A band you love and worship have announced they’re going on tour, and like any crazed fanatic, you are up at the crack of dawn on ticket release day to ensure you and your mates will be there to see it. It’s a stressful procedure; you have a thousand and one tabs open. You’ve prayed more times in one morning than you ever have in your life that your computer can withstand the pressure and won’t inconveniently crash. The refresh button has been pressed so many times that it feels as though your index finger has undergone an intense workout and is starting to ache from all the clicking.
But in being successful you feel a huge wash of relief, happiness and excitement – it’s not long before your friends are jabbering down the phone about how much they love you. Before you know it, you’re on your way to the venue about to witness a truly magical music experience.
Only to stand there throughout the entire thing with your camera in the air, watching the gig through a tiny screen.
The ongoing debate of whether or not you should film at gigs is perplexing if anything, but it’s understandable why people do it to a certain extent. (I’ve even been guilty of it myself on one or two occasions). While you’re in that moment there is nothing you want more than to freeze the picture, so you can hold onto the feeling and experience of being there and feeling so alive. Recording on your camera or mobile offers you that opportunity, and in filming the gig you are awarded the privilege of reliving it again and again, without having to depend upon your own hazy recollections.
And yet, in looking back at your videos the next morning, you realise that your attempts were a total waste of your time, and rather than watching through a small screen, you should have saved your battery and watched the gig itself. The quality is lost, the sound isn’t the same and your memories are tainted by what you are seeing on your computer the next day rather than what you saw with your own eyes the night before. Which leads me to question: why bother?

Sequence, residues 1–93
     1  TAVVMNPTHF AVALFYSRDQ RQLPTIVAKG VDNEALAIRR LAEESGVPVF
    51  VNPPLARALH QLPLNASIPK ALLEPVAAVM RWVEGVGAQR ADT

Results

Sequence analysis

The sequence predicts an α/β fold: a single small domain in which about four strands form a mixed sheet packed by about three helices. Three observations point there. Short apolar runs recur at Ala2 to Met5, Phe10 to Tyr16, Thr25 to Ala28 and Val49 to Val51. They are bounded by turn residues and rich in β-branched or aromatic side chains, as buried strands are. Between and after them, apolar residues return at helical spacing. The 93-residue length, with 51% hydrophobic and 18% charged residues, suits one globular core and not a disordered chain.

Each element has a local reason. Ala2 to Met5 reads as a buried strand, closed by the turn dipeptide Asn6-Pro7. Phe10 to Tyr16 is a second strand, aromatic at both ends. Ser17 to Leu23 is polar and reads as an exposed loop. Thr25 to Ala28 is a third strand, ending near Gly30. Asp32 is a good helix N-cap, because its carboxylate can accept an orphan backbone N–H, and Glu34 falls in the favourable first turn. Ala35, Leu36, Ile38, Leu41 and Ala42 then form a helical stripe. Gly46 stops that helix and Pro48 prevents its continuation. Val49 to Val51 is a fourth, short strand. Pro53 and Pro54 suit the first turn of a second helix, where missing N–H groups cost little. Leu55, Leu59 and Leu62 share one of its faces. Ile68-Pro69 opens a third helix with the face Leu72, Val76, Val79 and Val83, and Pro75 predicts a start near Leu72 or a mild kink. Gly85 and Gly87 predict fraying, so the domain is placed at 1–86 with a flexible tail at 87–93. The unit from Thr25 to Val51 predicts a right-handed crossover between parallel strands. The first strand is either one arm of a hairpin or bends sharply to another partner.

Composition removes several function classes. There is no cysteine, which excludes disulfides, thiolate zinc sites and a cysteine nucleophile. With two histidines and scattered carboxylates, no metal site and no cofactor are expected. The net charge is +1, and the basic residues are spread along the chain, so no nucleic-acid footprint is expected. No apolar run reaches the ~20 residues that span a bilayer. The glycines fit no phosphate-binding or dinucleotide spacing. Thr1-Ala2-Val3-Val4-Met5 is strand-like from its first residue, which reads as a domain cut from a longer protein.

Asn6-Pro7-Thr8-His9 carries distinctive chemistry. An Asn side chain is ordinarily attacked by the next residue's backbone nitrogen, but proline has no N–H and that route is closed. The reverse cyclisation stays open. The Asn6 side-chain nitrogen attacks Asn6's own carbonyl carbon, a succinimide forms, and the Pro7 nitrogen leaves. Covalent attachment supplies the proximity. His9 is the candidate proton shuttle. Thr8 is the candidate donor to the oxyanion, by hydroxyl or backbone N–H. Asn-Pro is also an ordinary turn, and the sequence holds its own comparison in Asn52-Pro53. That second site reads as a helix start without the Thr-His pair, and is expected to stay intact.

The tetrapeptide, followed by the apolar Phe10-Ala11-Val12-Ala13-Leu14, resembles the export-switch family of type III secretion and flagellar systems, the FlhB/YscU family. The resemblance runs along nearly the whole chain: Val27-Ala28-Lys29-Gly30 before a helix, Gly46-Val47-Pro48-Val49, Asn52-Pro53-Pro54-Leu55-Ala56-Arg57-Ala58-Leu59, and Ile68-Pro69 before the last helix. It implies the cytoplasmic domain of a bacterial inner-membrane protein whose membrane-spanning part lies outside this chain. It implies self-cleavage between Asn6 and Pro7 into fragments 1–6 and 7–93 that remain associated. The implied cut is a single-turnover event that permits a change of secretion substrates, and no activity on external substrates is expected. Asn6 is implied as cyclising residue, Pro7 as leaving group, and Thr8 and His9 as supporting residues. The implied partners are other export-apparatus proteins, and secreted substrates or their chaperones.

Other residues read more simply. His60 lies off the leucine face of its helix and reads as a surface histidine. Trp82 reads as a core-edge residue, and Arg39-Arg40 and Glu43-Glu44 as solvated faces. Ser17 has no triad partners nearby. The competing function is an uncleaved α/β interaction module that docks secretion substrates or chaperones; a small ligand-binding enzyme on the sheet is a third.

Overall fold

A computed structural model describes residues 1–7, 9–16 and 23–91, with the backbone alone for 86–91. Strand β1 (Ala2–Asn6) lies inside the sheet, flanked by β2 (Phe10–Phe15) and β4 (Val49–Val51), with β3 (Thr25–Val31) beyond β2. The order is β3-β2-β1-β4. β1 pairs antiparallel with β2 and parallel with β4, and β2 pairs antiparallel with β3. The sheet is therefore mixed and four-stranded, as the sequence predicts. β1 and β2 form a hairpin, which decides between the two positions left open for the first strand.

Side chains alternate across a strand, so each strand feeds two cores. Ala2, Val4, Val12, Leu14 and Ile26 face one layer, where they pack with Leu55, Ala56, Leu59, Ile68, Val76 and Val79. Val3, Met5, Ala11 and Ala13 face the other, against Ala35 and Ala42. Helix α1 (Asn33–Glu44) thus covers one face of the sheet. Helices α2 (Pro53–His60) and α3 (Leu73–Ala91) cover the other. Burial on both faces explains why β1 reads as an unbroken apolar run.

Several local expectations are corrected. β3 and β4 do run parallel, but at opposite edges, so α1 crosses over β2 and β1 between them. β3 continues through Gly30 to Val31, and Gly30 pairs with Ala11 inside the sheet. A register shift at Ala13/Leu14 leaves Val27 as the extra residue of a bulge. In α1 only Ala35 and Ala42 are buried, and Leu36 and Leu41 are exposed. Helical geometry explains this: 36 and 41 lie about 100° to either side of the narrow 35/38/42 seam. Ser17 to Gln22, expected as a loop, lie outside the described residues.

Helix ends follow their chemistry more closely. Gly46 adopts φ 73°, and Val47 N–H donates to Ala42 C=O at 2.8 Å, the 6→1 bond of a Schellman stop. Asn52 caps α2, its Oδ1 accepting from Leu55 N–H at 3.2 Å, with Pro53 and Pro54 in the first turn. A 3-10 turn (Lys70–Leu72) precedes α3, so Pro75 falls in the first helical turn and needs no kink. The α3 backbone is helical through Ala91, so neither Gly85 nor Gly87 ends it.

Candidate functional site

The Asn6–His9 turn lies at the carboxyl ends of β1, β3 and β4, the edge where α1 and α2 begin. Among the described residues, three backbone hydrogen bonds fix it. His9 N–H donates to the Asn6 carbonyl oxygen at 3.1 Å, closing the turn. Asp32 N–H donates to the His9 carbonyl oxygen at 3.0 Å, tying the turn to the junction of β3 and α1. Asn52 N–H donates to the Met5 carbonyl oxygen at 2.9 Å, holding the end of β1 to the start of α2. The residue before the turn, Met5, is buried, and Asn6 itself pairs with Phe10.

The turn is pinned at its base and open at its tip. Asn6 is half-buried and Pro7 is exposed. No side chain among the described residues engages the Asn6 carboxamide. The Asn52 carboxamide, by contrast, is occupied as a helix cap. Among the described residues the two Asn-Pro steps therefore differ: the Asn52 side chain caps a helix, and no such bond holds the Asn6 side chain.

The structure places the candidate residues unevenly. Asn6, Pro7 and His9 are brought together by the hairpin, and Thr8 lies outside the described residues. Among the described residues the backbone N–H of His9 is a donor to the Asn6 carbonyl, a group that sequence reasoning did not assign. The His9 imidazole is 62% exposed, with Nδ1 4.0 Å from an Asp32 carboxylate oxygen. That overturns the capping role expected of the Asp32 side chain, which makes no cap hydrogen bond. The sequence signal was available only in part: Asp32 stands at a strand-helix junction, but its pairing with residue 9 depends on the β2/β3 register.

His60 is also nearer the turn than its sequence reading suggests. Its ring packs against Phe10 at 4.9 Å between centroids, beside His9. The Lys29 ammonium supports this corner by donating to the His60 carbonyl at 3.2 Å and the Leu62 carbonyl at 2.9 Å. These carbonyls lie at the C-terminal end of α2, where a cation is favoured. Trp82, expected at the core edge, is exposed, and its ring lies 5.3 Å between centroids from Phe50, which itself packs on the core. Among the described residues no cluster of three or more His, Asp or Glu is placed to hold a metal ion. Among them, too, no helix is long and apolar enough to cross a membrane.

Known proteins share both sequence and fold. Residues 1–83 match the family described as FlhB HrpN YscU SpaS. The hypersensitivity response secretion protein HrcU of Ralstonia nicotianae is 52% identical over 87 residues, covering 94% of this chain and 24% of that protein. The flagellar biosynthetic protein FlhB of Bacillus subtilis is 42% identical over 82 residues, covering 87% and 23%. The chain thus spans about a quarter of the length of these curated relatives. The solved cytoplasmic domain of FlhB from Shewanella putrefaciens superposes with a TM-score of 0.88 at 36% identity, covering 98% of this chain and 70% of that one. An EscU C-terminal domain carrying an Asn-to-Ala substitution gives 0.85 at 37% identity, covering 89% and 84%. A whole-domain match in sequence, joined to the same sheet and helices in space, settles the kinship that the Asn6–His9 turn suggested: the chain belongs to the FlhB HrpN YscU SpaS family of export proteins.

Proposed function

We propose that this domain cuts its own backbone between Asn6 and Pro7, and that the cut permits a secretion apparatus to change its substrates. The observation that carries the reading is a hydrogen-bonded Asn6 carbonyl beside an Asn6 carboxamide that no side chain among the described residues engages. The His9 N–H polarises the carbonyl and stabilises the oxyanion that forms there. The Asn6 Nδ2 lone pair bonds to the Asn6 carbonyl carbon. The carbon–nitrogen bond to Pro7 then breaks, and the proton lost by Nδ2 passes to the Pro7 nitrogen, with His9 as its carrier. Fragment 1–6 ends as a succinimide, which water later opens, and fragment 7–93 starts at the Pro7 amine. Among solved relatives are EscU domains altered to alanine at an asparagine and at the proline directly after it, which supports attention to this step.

Most musicians tend to ask the same. NME posted a great little video on their website this week, in which several artists gave their opinions on the issue.
While most stated they didn’t mind it, they unanimously agreed that it is more important to “live in the moment” and “just go and experience the gig” rather than film it on your mobile.
Yannis Philippakis, lead singer of Foals, brilliantly added: “it’s part of the wider temptation of go round an aquarium taking photos instead of looking at the fish.” Witnessing something through the lenses in your eyes is far greater than seeing it through the lens in a camera.
Essentially, in the words of Johnny Marr, “you should put your phone down, because you’re being a dick.”